McCrosky says when you operate a certain way for a certain amount of time, you get comfortable. “Which is a bad situation for any business to be in. If you’re not moving forward and changing, you’re dying. We’re all about the changing part, but there’s still practices you get comfortable with, and that’s where we were. It’s taken something like this to wake us up and shake us up.”

They’ve had time to try out some new things in the kitchen, he says, “but there’s not much money for us to do anything really new and special right now, but we’re trying every week to do at least one new thing.” Coming up, Harvey’s plans on offering family dinners, enough for four or six, with some of the easier meals, like brisket.

He thinks Harvey’s will be at about a 15% occupancy level to start with, then “we’ll ramp up as we need to.”

But, it’s been hard, McCrosky admits, through his positive outlook. “Even coming back will be tough on us, because now we’re conditioned to this. It’s going to be really, really hard to readjust. But we will. Everybody will.”

But, he says, the community has been more than generous during this time, supporting local businesses. “We don’t have a lot of money in the bank, we’re not like the chains. The corporate office is right here at the bar and at my kitchen table. Without the customers’ help, we’re in a bad spot. But they’ve shown up for us to help at least break even during this.”

McCrosky says he hopes the local support continues after the pandemic is all over.
“When this thing first started, I said we’re going to make it about a month. Not that we’d quit, but we can’t spend $3,000 a week on food and the labor … But we figured it out, somehow or another. God’s been good.”

 

‘Incredibly positive, supportive and kind’ 

 

“Mainly, during this mess, we wanted to fill a need in the community.  That started with the hand sanitizer, but it also continued with family meals,” says Elsa Wachter, general manager for The Still at Ambrabev. “We knew that since people weren’t getting out to grocery shop a lot, there was a need for larger meals to warm up at home for a change of pace.”

Wachter says she and Chef Savannah Ray put their heads together when the COVID restrictions began. Before the dining room service was stopped, they had already begun responding to the industry information provided to adjust the business, such as separating tables and having the servers wearing gloves.

“Cassie (Baeker, social media coordinator) had mentioned to Tom (Baeker, an owner) at the beginning that we should make our own hand sanitizer and shared some ideas with him … that took off!” Wachter says, and the distilled spirits company donated its sanitizer to many area agencies in need.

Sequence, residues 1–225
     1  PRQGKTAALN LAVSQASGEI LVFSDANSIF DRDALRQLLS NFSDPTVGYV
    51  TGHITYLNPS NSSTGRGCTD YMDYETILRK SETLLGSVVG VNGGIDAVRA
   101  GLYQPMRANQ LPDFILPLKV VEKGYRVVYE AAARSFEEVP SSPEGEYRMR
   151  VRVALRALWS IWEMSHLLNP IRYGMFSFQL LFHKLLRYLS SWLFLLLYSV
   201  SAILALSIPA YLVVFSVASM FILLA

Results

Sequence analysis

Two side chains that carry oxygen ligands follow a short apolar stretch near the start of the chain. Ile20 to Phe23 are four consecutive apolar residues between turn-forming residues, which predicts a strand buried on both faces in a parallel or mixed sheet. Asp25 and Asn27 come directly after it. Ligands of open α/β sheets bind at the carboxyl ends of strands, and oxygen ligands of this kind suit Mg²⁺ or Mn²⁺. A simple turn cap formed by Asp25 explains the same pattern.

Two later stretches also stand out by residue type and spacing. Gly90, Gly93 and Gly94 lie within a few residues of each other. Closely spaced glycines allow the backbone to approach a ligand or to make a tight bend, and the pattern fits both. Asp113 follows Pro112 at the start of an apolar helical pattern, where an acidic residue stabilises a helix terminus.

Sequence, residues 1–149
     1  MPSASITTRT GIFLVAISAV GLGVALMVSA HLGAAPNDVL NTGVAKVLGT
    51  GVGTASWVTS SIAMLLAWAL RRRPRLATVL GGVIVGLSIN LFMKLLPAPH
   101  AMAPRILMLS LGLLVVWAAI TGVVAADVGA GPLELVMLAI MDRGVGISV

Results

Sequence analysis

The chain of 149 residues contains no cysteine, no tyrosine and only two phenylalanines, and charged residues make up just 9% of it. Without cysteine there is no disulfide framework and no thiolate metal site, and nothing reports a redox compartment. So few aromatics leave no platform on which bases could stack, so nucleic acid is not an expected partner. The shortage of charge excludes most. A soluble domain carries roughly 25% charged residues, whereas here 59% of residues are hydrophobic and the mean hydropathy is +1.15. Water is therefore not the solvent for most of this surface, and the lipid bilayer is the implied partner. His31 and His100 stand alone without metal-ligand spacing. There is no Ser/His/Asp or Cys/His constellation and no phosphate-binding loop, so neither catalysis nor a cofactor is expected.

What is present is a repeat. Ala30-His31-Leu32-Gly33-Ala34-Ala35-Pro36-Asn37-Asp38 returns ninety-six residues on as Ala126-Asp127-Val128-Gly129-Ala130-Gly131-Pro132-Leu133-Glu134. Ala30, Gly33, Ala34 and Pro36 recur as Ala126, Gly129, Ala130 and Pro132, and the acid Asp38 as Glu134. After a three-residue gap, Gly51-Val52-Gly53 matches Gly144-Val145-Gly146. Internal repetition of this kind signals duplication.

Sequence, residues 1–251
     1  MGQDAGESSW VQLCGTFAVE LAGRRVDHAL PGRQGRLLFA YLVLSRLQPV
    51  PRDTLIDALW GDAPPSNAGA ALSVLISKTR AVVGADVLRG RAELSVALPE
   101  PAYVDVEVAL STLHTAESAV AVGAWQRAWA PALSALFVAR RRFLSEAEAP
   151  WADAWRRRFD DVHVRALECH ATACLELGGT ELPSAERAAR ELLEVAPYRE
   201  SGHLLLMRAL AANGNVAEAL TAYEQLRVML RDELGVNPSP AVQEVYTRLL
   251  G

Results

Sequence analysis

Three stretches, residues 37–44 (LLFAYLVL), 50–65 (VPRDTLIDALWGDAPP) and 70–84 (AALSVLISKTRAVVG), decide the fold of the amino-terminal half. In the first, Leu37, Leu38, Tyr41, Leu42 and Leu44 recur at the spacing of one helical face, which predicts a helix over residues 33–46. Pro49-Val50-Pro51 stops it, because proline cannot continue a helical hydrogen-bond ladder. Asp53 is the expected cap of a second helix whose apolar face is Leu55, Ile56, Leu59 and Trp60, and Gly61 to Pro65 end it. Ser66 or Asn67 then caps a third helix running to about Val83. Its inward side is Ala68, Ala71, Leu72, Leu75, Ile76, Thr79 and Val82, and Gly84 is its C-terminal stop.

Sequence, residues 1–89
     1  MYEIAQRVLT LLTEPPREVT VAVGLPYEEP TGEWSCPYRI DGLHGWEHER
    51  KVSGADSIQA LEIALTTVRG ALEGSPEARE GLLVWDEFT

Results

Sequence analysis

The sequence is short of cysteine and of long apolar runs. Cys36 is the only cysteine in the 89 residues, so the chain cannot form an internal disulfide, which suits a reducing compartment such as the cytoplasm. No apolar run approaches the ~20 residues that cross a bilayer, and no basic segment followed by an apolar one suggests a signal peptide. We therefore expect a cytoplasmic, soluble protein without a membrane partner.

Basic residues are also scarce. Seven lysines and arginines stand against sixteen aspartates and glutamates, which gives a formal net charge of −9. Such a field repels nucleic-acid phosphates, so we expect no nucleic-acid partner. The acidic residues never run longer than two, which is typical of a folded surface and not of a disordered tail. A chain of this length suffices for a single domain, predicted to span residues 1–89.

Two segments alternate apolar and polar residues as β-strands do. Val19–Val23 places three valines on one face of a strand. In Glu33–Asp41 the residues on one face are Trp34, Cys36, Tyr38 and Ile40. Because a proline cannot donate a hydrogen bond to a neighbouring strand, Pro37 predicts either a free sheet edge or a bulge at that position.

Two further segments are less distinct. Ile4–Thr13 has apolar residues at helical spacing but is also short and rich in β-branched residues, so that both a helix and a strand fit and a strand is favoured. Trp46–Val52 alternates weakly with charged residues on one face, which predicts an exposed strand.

“I am a quilter, and we immediately made masks for delivering curbside or to houses,” she says. And, The Still had been attempting to push its to-go and delivery lunches to businesses since January so they were fortunate to have all the containers when the restrictions tightened, and some products were in high demand and hard to come by.

Wachter says curbside and delivery took about a week to get in order, using the Hazard Analysis Critical Control Points to determine The Still’s weakest links in the process in order to improve them.

“We have found that the least amount of contact is possible through credit card payments over the phone. This keeps us from taking anything back into the restaurant, and of course we deliver the food with fresh gloves and wearing a mask every time.  We have really been reinforcing changing gloves between orders and anytime you finish with one customer, touch the door, etc..”

The Still made sure to offer some “cheesy pastas and comfort food, but we have some really great healthy options with fresh vegetables, too,” Wachter says. She says the family meals really took off, and are planned to be offered on a weekly rotation once the dining room reopens. They also plan on having a “more dynamic” gift shop with their bottled cocktails and family meals in a refrigerator cooler for anytime-pick-up.

But, when it all began, Wachter says she had the biggest problem with getting fresh product on time. “All our vendors had cut out some of their delivery days and we can tell some produce had been sitting longer than desired, plus they change the drivers and routes more frequently now, so delivery times are unpredictable,” Wachter says. “Luckily, the companies have been accommodating, and the delivery drivers are so kind.”
Wacher also says The Still appreciates its customers, who she says have been “so incredibly positive, supportive and kind. It has been utterly amazing to see that side of people, and they’ve been so generous to us — and others, as well.”
Coming up — check back to see how some area college students are handling all online classes.